Often, moonshine's made with corn, though it can and has been made with anything that ferments, from grains like rye or wheat to plain old sugar. It's unaged and clear.
Whiskey without the wood, it's called. Bourbon without the barrel. Go to a liquor store, pick up a bottle of moonshine and look closely at its label: Chances are it's either corn whisky yes, spelled without the e or neutral spirits—vodka, essentially.
Some brands market their product as white whiskey—a more accurate descriptor than 'shine, perhaps, given that it's made by licensed, tax-paying distillers. Others stick with history, with heritage, with moonshine. It's a name with a story behind it. But what is the story behind moonshine? Perhaps you've wondered: where did moonshine get its start? Here are a few facts you might not know.
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While moonshine is deeply rooted in Southern culture and heritage, its origins, in fact, can be traced to Pennsylvania. Farmer-distillers in the western part of the state protested when the federal government passed the distilled-spirits tax in They tarred and feathered tax collectors and fired upon their homes. These actions sparked the Whiskey Rebellion and nearly set off America's first civil war. Moonshine production later took hold in big cities.hukusyuu-mobile.com/wp-content/another/2154-how-do.php
Urban Dictionary: moonshine
In Brooklyn, the waterfront neighborhood known today as Vinegar Hill was a hotbed of illegal whiskey making. In , law enforcement went hard and fast against the Irish immigrants who'd set up hidden distilleries there and refused to pay government taxes on their product. In a predawn raid they hacked up stills, confiscated whiskey, and hauled it back to the nearby Brooklyn Navy Yard.
Of course, this didn't stop people from making booze. By the early s, more moonshine was produced in New York City than in all the South combined. During Prohibition, a one-day sweep in Chicago, in June, , resulted in 50 raids, arrests, and 10, gallons of seized liquor.
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According to the Chicago Daily Tribune , the Genna crime family had brought laborers over from Italy "to distill moonshine. You may think of moonshining as more of a man's world. But women were also making hooch. One of these women was "Nancy the Moonshiner. What she really was, though, was a moneymaker and a hardscrabble businesswoman.
At night she stole apples from an orchard near her home. She used them to make Jersey lightning, or apple jack, a distilled hard cider. When a government detective snuck into her hillside home near the Pequest River in hopes of apprehending her, Nancy knocked him out and took off running. Folklore tells us one way to test the purity of moonshine is to pour some in a metal spoon and set it on fire.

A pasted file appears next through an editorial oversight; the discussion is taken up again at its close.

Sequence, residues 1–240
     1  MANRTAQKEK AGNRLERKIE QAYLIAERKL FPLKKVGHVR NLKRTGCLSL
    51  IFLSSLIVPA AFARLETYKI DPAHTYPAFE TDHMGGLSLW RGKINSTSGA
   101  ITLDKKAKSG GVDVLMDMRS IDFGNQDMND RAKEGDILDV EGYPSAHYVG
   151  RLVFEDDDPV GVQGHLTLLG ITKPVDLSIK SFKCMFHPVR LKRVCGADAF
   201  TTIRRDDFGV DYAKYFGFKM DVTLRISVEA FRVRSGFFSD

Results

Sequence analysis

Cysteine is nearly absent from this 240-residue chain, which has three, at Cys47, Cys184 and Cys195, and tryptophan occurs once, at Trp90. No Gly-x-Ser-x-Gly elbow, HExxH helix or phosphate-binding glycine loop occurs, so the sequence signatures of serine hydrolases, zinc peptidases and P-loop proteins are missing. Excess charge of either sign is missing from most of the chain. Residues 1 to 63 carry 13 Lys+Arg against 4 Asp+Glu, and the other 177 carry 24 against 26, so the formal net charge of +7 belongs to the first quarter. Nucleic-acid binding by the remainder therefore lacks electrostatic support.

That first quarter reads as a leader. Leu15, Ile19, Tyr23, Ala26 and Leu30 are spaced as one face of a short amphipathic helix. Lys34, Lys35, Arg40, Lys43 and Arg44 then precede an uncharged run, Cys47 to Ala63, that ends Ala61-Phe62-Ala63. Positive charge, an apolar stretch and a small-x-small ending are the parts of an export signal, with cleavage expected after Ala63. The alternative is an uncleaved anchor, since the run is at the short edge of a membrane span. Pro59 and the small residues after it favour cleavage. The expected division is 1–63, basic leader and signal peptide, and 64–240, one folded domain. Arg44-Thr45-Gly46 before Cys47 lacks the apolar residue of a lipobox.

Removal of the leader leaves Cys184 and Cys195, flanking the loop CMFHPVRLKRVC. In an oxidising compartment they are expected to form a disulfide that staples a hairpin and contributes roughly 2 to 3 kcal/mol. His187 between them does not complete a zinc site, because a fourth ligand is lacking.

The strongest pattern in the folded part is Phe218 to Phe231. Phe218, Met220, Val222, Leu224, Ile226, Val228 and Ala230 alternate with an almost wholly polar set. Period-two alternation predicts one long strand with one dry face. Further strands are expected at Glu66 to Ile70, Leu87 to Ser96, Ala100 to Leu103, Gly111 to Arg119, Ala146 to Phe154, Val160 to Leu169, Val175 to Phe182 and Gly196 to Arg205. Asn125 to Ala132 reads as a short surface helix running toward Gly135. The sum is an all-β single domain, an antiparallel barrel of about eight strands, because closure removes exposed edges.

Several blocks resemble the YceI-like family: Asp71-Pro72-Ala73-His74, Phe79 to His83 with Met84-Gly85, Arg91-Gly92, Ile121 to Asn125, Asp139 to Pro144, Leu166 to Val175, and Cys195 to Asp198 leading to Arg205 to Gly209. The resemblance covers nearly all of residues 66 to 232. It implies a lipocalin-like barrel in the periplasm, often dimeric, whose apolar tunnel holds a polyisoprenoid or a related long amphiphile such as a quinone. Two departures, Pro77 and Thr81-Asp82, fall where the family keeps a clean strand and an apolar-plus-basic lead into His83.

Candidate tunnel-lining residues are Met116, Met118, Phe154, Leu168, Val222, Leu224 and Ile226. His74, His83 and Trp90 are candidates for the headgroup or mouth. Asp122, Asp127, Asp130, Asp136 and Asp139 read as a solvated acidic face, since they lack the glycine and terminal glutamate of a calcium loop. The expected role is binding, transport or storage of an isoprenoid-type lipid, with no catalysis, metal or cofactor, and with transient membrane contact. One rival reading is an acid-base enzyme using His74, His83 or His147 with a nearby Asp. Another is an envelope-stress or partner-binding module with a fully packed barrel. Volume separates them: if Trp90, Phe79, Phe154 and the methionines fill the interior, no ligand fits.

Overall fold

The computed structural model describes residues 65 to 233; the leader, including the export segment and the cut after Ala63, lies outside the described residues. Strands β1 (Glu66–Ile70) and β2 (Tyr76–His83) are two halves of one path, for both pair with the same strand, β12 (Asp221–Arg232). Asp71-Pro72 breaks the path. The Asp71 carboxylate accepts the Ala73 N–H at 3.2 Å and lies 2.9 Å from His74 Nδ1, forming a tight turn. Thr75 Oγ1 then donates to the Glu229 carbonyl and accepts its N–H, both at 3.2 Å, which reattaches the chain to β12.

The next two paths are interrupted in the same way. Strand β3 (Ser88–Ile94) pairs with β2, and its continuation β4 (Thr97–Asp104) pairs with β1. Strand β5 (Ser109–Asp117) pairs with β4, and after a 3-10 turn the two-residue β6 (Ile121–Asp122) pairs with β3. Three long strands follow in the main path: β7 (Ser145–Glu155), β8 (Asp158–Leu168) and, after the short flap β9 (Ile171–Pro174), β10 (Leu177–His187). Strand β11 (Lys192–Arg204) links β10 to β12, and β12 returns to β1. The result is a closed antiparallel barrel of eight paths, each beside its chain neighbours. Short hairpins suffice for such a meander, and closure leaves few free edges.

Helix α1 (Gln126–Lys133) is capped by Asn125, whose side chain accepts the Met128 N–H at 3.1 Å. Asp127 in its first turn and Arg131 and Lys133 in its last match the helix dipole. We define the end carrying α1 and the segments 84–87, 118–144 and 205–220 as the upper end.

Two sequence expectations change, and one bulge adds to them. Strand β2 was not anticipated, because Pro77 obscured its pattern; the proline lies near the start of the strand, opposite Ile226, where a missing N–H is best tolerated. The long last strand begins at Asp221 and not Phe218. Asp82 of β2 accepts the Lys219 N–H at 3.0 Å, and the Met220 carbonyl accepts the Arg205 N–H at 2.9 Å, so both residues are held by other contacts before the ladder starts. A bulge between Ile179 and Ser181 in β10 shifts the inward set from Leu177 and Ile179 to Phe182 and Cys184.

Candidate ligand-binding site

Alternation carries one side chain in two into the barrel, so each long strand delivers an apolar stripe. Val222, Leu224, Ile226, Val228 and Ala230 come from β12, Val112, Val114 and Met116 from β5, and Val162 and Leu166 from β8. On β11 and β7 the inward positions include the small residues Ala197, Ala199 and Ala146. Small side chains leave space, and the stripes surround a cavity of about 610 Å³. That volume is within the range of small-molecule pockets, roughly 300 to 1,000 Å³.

Moonshine Is Growing in the U.S., and Big Whiskey Wants a Taste
If it burns with a blue flame it is safe, but if it burns with a yellow or red flame, it contains lead, prompting the old saying, "Lead burns red and makes you dead. But, the spoon burning method is not completely reliable. This test does not detect other toxins that might be in the brew, like methanol, which burns with a colorless flame.
With millions of gallons of moonshine being produced each year in the United States, chances are some of it is going to be tainted. Health officials are concerned that moonshine toxicity in ailing patients might be overlooked because most healthcare providers consider it a tradition of the past. Learn the best ways to manage stress and negativity in your life. There was an error.
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Information About Commonly Abused Drugs. Traditional distillers would pack up their stills and brew the liquor in the woods, with an eye out for the law.
Moonshine is usually derived from corn mash. Nascar racing was born from moonshiners racing in modified vehicles.
Today, legal moonshine sponsors legal racing. Moonshine has been boosted by popular culture depictions, such as Robert Mitchum's "Thunder Road" and "Moonrunners" movies, as well music from artists such as Bob Dylan. Revenuers make their presence felt in an American town during prohibition, Public information campaign attacking moonshiners. Other publicity materials stressed the health risks. Former U. President George Washington used to distill his own liquor, which was reportedly very drinkable. In the golden age, folk heroes like Marvin "Popcorn" Sutton and Doc King avoided high alcohol taxes by hitching their stills to souped-up cars and lighting out for the Appalachian woods after dark, where they distilled eye-watering liquor from corn mash, to be sold in mason jars off the books.
They played a game of cat and mouse with the authorities, as illegal distilling was an offense that carried jail time. But it was also high risk for the hated "revenuers" from the liquor authority, who were sometimes attacked, tarred and feathered. The product itself could be dangerous. For much of its year history, moonshine referred to any illegal home-made spirit, including low quality brews with deadly contaminants. Today it usually describes clear, unaged whiskey, and standards have improved as the distillers no longer need to operate in the shadows. When the global financial crisis hit the Appalachian heartlands, counties all over the region tapped into one of the few growth industries by legalizing moonshine.
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